This is the first in a three-part series on staying warm this winter.
It’s 6 am now. Frost glitters on Fateh Singh’s driveway* in Birmingham, the second largest city in the UK. The 65-year-old man removed the cardboard from the outside of his car’s windshield. When it gets colder, he has a habit of protecting the car from the frost that forms during the night.
Inside the car, it was freezing cold as Singh prepared to drive to work. Normally, he chooses public transport to save fuel, but recent rail strikes in the UK have forced him to use his car.
Singh, a security guard, told Al Jazeera: “It’s too bad your salary isn’t enough to make up for these ridiculous price hikes.
The average domestic cost of energy has increased by 74% year-on-year in 2021, according to data (PDF) from the UK Department of Business, Energy and Industrial Strategy.
“A lot of stress has been placed on us. “You are afraid to turn on the heater because prices have skyrocketed, especially with this weather,” says Singh. “You have to monitor your smartwatch to see how much power you are using.”
The UK has recently faced a cold snap, with temperatures dropping below freezing and in some parts of the country as low as minus 15 degrees Celsius (5 degrees Fahrenheit). Singh’s predicament is similar to that of many others.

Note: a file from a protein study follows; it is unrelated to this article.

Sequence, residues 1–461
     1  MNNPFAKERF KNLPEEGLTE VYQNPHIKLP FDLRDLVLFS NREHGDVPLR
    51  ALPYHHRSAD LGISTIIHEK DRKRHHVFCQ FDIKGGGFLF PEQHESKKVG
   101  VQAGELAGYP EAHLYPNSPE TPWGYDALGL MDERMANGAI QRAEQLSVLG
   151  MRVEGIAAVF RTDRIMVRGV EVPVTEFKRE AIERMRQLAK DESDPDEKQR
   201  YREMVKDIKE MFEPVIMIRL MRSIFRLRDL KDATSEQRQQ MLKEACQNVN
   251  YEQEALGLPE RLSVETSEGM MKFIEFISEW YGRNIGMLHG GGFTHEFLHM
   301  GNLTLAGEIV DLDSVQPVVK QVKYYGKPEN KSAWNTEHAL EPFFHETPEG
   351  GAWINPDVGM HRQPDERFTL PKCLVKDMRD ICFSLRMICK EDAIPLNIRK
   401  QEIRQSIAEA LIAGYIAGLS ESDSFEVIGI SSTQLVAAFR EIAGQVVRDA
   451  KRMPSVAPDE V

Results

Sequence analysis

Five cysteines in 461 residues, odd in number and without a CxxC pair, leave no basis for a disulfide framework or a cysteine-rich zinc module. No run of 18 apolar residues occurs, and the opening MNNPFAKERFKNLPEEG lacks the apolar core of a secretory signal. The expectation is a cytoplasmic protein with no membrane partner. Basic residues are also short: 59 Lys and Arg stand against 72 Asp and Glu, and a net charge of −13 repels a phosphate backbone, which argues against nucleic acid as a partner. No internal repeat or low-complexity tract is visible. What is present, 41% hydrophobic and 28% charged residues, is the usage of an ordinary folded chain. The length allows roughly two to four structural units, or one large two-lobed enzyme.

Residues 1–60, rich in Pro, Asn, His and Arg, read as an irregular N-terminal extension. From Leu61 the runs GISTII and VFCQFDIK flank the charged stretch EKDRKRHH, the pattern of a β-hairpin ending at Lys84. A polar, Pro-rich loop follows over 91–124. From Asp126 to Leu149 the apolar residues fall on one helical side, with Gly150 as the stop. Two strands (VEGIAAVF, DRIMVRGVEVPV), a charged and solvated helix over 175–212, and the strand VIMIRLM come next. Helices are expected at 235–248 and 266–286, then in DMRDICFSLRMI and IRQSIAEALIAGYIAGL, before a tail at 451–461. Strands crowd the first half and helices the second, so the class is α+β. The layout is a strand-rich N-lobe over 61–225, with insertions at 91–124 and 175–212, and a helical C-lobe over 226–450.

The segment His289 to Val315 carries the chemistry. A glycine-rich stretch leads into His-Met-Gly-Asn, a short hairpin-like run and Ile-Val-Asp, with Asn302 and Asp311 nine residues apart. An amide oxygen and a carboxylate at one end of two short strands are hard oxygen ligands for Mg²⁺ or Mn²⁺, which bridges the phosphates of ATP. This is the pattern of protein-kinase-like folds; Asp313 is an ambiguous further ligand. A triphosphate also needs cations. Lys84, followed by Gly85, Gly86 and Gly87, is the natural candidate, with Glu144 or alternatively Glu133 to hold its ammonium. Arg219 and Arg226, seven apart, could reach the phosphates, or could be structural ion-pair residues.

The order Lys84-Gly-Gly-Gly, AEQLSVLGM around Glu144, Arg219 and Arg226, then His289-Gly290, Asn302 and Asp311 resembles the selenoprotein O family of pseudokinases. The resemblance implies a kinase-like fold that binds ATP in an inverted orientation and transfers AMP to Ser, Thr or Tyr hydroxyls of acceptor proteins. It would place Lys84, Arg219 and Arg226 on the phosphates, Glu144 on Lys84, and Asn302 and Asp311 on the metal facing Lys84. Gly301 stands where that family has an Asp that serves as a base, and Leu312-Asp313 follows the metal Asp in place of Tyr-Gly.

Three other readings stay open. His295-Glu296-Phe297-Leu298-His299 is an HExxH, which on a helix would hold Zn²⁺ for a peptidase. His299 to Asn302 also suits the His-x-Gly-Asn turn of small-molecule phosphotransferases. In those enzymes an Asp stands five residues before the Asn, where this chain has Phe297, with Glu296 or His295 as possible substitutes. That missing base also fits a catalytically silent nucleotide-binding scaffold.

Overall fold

Recently report by University College London’s Institute of Health Inequality estimates that 18 million households — or two-thirds of the UK population — could fall into energy poverty by January 2023. Low-income, children, the elderly, people with disabilities, and Blacks and minority groups are most at risk.
Singh has fibromyalgia, a disease that causes pain in the body. The cold weather didn’t help his condition, and the stress of increasing electricity bills didn’t help either.
“My energy supplier told me I was in debt when I weighed almost 400 pounds [$485] Credit. And all of a sudden I’m up to £900 [$1,095] of debt. Every time I asked them, they said: ‘check your watch and send us the results’, I did. They say the readings are correct.”
After complaining to his supplier and receiving sudden silences and calls cut off, Singh came across a “Warm Day” held at the local church where the elders of the area The region was offered warm drinks and had the opportunity to discuss domestic issues such as rising energy costs.
The church took over Singh’s case, but they were also prevented by his energy supplier. “They don’t want to talk. They don’t want to solve the problem,” he said.
Volatility in energy and food markets – partly due to the war in Ukraine – has forced many people in the UK to choose between heating their homes or eating a meal. Many people are looking for ways to reduce their energy consumption.
Some are looking for creative solutions or seeking expert advice to help reduce their bills.
“I had energy savers come to the house the other day,” says Singh. “They put drafts on the doors for me and told me to put thick curtains in front of the windows to keep the wind out. They also gave me three energy efficient light bulbs.
“More or less everything in the house is energy efficient,” he said.